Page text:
I think the popular answers are either Andrew Luck or Aaron Rodgers and both answers make a lot of sense, but aside from the fact that Russell Wilson’s personality is getting more boring (and therefore grating) by the week, I do think he’s the better option to start a franchise at quarterback. I think a lot of people assume that people only like Russell Wilson because he wins and then think it makes sense to say he only wins because of his defense and running game. I think if that is the only way to evaluate quarterbacks (if they win and how much they contribute to that win) then that line of argument makes sense. But that’s not why I like Wilson more than Luck. He is simply more accurate and makes better decisions. He distributes the ball better across the field. He performs better under pressure, both in terms of his pocket management and ability to get rid of the ball safely (and for yardage)—which is Andrew Luck’s greatest trait. None of this is to say I’d be disappointed if I was told I was assigned Andrew Luck when starting a new franchise, just to say Wilson is better. He’s more efficient and less likely to turn the ball over and much less likely to put the team in a hole that he has to climb out of. Though Luck has had a poor supporting cast, Wilson’s has been worse at receiver, tight end and on the offensive line. He happens to have more fourth-quarter comebacks and game-winning drives than Luck, even though Luck has put his team into those situations more often. I don’t like Russell Wilson because he wins. I like Russell Wilson because the way he plays the game is more likely to help you win, regardless of your team.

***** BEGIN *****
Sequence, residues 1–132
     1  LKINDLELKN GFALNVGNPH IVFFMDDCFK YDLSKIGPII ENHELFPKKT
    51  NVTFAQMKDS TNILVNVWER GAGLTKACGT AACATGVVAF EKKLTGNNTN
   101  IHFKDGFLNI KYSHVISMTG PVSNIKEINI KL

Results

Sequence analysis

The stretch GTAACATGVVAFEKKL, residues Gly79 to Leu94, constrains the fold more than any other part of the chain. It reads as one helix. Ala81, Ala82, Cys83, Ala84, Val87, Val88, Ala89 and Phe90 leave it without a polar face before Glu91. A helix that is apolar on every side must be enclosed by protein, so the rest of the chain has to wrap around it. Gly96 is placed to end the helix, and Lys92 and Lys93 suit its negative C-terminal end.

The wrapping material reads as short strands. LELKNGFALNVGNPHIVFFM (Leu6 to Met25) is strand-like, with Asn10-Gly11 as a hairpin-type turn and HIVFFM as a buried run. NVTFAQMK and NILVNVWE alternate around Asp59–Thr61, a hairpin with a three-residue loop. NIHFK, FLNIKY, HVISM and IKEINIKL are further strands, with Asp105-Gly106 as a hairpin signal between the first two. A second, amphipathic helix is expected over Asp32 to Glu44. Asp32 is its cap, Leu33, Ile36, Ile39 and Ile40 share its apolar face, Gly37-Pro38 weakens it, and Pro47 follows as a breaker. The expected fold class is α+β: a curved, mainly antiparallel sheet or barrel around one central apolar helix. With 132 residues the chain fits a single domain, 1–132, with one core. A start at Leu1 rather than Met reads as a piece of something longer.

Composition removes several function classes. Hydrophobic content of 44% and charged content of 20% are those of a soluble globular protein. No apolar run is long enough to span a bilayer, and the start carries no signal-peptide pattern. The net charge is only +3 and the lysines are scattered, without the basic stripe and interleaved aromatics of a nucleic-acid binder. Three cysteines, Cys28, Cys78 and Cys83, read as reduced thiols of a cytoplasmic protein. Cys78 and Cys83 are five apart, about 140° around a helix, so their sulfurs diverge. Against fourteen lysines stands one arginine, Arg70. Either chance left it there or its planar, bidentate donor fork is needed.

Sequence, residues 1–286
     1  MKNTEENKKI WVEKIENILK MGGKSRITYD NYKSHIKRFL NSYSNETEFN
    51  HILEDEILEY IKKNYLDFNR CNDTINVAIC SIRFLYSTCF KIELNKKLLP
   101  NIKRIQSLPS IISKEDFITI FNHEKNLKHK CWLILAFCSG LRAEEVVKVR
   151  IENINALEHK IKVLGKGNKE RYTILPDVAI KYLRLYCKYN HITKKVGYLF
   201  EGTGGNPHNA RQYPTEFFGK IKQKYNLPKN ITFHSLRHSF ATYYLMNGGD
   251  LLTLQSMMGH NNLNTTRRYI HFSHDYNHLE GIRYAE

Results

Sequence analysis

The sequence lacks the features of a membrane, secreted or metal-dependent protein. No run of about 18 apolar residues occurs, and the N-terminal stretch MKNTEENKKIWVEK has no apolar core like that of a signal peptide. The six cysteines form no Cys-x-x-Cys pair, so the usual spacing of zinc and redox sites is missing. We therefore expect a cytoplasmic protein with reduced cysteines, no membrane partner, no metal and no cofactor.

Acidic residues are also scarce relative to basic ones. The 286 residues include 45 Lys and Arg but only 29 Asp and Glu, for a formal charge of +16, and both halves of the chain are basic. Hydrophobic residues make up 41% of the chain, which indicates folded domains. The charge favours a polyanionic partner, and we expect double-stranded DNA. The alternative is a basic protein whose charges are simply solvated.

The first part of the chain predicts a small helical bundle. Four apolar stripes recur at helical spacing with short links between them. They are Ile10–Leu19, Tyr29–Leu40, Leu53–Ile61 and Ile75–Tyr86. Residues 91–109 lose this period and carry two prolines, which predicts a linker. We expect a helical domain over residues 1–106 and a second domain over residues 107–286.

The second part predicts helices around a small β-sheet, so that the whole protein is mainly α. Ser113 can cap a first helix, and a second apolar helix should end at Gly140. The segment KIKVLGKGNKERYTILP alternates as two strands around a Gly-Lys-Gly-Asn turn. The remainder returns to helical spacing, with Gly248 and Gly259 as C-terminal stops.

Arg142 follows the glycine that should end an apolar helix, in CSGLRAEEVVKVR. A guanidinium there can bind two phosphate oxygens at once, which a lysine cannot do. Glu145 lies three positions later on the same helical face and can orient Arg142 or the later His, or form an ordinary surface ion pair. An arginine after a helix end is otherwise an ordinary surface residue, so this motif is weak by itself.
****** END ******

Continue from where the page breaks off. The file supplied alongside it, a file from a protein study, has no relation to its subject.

The NFL is built around all-purpose backs and the one with the highest upside and the least wear-and-tear is Le’Veon Bell, easily. He’s already a top-five running back, along with Jamaal Charles, Adrian Peterson, DeMarco Murray and Marshawn Lynch (sorry Eddie Lacy, but you’re close). Of the running backs last year who averaged over 4.5 yards a carry and had at least 200 carries, Bell and Lynch created more of their own yards than anyone else through excellent vision or balance. Bell and Forte were also the only running backs to draw over 100 targets from their team and the only running backs to grab over 75 receptions (Bell led all running backs with 854 yards in the air—which allowed him to place second in yards from scrimmage to DeMarco Murray, despite having 76 fewer touches than him. He did that all with a subpar offensive line, too. He’s everything he looked like he was at Michigan State, except he added speed and agility by shedding weight, without losing almost any of the power. He has excellent vision and great hands and of those top five running backs is by far the best pass protector. He is the only running back of those five to be useful in any down-and-distance situation and with any assignment. He can even lead block, if you ask him to. He has power, speed, balance, agility and vision and also has the least tread on his tires. I’d be happy to build a team around him.